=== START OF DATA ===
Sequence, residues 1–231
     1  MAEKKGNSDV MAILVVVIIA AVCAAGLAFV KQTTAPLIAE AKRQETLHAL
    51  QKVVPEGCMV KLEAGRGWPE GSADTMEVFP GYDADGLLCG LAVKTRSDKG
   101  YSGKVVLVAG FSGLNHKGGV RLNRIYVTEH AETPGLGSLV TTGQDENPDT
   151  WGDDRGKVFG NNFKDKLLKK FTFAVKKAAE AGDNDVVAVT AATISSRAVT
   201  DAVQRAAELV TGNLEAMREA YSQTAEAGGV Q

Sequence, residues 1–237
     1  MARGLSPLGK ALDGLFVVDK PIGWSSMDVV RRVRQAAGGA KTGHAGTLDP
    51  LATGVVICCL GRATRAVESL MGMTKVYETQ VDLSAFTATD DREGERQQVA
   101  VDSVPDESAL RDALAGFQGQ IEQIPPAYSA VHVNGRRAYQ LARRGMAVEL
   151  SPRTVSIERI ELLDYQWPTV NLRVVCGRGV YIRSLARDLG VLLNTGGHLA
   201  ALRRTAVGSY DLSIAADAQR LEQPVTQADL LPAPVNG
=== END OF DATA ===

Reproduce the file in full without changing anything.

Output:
Sequence, residues 1–231
     1  MAEKKGNSDV MAILVVVIIA AVCAAGLAFV KQTTAPLIAE AKRQETLHAL
    51  QKVVPEGCMV KLEAGRGWPE GSADTMEVFP GYDADGLLCG LAVKTRSDKG
   101  YSGKVVLVAG FSGLNHKGGV RLNRIYVTEH AETPGLGSLV TTGQDENPDT
   151  WGDDRGKVFG NNFKDKLLKK FTFAVKKAAE AGDNDVVAVT AATISSRAVT
   201  DAVQRAAELV TGNLEAMREA YSQTAEAGGV Q

Sequence, residues 1–237
     1  MARGLSPLGK ALDGLFVVDK PIGWSSMDVV RRVRQAAGGA KTGHAGTLDP
    51  LATGVVICCL GRATRAVESL MGMTKVYETQ VDLSAFTATD DREGERQQVA
   101  VDSVPDESAL RDALAGFQGQ IEQIPPAYSA VHVNGRRAYQ LARRGMAVEL
   151  SPRTVSIERI ELLDYQWPTV NLRVVCGRGV YIRSLARDLG VLLNTGGHLA
   201  ALRRTAVGSY DLSIAADAQR LEQPVTQADL LPAPVNG